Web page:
To sustain the book’s title, the key chapter should have been the one entitled “Children of the Market”. Oddly, this focuses on three young men, rather than the young women who dominate the volume. The authors comment “All three used the discourses of entrepreneurialism and meritocracy in talking about crafting their worker identities.” (Pg.111) This seems clear evidence of the neoliberal influence the authors wish to emphasize. Yet in all three cases, the young men have other things on their minds (family, relationships, Christian moral values etc.) as well as job and income aspirations. Indeed, of one of them, the authors are forced to say “We cannot … construct Ian unproblematically as an entrepreneurial, neoliberal subject.” (Pg.120).

            Translation?  “Oops! He didn’t say what we thought he might!”

            As I fear I have summarised too much already, I will not weary you by synopsising the chapter on the young interviewees’ “gender roles” and the one on unmarried young mothers. Of the latter, though, I do once again note how many of the young mothers spoke of the importance of family support networks; and I endorse the authors’ remark that, while negative comments on young mothers once focused on the fact that they were unmarried, they now focus on fears of welfare dependency and the middle-class having to foot the bill. (So roll on current plans for heavily-subsidised contraception.)

            In the last two chapters there is an attempt to draw general conclusions from the follow-up interviews each participant underwent. The authors admit that it is hard to see any clear pattern emerging from their research in terms of how the interviewees “construct” their identities. There is, however, the interesting observation that the parents of the interviewees are often more concerned about the interviewees’ future than kids themselves are.

            How do I sum up this book, and does it really show us that the consciousness of young New Zealanders is saturated with neoliberal values?
            It is salutary to be reminded, as the authors do so often remind us, that people are not necessarily the “rational, autonomous, choice-making” indviduals of neoliberal discourse. We all fit into a social context of some sort, are all somehow attached to, dependent upon or responsible for other people. We are all to some extent formed by our background, upbringing, webs of family and institutional relationships, culture, inherited mythologies and belief systems etc. We are not all free units waiting to plunge into the market, or sizing up all things in terms of the monetary or status advantage they may give us as individuals. In short, despite individualist ideologies, we are all part of society – a word dreaded by montarists and neoliberals, as in Maggie Thatcher’s inane statement that “there is no such thing as society.”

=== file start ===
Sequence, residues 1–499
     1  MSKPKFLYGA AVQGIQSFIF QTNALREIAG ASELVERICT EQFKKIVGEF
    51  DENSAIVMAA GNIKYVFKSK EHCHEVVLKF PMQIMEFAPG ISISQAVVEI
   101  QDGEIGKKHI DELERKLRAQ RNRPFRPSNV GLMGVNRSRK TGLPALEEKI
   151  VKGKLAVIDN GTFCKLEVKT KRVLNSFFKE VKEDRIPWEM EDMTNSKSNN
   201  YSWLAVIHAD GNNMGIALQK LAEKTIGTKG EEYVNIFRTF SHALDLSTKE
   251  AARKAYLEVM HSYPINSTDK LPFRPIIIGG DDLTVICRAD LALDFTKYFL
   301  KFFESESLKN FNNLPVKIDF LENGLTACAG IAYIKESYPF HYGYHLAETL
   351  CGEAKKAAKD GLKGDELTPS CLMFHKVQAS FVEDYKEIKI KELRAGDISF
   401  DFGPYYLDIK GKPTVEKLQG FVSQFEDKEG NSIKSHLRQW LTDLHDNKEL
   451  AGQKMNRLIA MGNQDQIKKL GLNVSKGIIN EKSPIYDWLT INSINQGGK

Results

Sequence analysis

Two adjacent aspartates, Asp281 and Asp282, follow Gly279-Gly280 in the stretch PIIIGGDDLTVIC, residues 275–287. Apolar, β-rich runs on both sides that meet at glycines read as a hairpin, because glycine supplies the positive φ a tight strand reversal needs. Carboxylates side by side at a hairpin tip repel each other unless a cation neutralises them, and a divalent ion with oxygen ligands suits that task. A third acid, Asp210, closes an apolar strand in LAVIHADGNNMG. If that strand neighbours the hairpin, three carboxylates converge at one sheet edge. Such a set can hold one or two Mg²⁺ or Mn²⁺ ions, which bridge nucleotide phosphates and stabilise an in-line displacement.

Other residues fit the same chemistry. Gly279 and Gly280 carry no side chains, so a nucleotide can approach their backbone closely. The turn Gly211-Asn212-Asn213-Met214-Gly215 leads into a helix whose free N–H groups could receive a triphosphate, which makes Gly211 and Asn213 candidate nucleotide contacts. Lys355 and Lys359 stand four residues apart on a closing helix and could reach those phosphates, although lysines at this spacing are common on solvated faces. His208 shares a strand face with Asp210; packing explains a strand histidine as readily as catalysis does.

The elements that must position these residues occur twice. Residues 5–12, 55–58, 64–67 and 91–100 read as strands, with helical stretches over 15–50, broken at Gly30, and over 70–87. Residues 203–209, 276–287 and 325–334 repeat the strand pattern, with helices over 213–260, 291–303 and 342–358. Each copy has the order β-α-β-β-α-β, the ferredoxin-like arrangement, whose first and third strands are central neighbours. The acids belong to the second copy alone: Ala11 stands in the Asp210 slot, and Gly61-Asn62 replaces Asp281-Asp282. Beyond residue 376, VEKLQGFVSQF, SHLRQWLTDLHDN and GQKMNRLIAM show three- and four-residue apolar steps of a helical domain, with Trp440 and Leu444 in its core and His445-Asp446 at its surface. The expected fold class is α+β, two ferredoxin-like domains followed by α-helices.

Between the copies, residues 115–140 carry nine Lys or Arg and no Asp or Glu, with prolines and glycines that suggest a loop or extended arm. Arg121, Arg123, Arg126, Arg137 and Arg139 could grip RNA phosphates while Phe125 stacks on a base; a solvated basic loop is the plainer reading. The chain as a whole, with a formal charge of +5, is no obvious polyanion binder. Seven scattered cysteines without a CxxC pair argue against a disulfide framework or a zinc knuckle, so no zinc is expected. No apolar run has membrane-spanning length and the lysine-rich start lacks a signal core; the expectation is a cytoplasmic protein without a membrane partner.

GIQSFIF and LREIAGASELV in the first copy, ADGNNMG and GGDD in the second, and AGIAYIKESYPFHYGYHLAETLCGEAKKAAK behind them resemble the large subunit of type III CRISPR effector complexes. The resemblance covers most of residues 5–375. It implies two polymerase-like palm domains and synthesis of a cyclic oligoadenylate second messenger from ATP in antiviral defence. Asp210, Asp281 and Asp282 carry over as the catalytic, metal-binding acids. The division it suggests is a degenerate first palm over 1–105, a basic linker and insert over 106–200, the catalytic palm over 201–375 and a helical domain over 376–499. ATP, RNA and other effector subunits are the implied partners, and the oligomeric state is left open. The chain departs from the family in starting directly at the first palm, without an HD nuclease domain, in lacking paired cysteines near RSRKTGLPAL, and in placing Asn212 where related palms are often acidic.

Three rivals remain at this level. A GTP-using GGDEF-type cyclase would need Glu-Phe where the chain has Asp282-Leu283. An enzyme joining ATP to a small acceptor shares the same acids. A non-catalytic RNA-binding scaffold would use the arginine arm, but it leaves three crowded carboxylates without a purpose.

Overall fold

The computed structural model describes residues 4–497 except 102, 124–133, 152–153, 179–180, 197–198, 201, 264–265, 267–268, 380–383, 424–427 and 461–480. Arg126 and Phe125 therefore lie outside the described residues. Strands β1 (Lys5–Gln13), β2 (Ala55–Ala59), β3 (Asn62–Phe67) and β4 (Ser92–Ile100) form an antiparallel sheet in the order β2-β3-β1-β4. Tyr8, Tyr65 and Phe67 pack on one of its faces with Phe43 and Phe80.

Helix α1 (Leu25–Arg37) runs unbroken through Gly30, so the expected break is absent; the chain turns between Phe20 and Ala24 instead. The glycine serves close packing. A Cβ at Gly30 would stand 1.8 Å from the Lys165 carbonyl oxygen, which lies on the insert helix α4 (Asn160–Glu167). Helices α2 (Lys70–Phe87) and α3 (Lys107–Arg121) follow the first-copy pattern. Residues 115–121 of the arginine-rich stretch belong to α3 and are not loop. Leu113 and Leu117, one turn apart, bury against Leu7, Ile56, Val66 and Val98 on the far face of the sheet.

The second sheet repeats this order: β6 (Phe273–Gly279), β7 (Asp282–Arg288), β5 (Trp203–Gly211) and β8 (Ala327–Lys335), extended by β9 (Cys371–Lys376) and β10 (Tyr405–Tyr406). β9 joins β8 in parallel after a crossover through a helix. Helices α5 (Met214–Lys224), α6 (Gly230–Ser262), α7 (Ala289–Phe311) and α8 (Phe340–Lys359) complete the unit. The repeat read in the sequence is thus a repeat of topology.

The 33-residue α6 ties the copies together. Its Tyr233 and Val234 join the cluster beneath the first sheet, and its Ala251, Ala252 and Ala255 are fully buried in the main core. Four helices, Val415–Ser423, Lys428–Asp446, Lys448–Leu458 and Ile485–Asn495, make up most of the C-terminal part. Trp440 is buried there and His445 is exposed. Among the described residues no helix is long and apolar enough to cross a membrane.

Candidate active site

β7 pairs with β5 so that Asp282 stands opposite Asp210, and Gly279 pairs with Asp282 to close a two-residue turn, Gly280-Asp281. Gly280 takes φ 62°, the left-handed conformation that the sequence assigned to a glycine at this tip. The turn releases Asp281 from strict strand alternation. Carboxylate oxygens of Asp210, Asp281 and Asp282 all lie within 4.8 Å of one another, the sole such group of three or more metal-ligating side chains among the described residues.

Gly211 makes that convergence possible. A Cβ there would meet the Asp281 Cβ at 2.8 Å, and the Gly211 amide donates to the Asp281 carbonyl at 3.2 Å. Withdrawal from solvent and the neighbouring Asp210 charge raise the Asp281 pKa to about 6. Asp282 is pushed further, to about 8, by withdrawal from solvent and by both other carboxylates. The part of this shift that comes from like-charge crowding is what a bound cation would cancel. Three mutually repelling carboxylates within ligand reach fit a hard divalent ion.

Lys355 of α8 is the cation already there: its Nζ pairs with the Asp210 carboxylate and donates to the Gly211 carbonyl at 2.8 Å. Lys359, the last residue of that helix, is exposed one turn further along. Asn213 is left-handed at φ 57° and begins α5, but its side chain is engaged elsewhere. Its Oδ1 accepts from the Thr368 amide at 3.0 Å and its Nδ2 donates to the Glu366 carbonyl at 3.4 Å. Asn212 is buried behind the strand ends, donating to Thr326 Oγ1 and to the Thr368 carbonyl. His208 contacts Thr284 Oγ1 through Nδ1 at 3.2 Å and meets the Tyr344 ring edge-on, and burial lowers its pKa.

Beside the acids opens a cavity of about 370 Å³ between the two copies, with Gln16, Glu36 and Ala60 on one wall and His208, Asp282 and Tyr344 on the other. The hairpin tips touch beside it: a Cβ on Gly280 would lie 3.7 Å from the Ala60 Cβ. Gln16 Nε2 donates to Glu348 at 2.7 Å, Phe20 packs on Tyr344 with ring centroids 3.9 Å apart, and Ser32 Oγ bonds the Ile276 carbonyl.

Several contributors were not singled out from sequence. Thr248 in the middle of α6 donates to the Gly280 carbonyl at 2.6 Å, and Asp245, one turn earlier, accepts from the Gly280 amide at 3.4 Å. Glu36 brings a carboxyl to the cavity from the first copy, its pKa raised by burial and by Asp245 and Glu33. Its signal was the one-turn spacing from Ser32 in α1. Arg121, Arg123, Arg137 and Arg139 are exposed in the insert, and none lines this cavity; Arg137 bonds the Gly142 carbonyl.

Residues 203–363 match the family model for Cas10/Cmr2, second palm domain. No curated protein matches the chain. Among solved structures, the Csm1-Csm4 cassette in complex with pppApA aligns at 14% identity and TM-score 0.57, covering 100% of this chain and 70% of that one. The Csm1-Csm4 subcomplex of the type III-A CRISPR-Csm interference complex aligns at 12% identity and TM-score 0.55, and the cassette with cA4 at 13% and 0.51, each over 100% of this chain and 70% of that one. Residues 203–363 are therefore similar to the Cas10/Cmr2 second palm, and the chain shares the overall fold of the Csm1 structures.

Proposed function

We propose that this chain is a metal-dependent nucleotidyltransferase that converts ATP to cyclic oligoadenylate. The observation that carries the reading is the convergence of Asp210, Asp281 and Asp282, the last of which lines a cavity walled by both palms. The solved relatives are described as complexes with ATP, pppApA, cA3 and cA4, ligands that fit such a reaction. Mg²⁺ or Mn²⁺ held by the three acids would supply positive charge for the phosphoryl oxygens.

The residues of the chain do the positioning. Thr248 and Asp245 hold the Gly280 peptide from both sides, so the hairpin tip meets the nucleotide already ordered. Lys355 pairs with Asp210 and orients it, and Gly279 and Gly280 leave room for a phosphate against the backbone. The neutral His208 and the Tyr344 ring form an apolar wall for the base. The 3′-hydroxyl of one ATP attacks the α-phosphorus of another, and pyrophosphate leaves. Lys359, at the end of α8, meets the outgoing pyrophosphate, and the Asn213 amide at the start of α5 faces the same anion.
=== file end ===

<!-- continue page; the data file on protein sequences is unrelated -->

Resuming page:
So far so unexceptionable. I endorse this (frequently implicit) viewpoint in Children of Rogernomics.

            Often, however, the methodology of this book is very loaded. Given the skewed nature of the selection of interviewees, are these young people truly representative of New Zealand youth? And if not, then why have they been chosen? The title of the book suggests an agenda and the pre-loading of a thesis. Children of Rogernomics? Really? Much of the evidence the book itself gives shows that these young people are the children of many other things as well. If, as the authors say, individuals “construct” their identities, then the authors’ own practice suggests that sociologists “construct” their sense of society, and often, as in the case of this book, by being too partial and limited in their selection of subjects and in their commentary upon them.

            I come away from this book, therefore, torn between enlightenment and annoyance. I note the concept of values is absent as it is in many works of sociology, because it would be wrong for the authors ever to get judgmental. There are only “narratives” that people tell themselves in order to “construct” their identities. Therefore there are few grounds for a real critique of such “narratives” as people tell themselves. Above all, though, I believe that many of the answers these young people give to interviewers express the same concerns (for family, for personal relationships, for belief systems, as well as for careers) that their parents or grandparents would have expressed in their day.

            Rogernomics has had an impact on their circumstances, but it is not the only thing that has moulded them.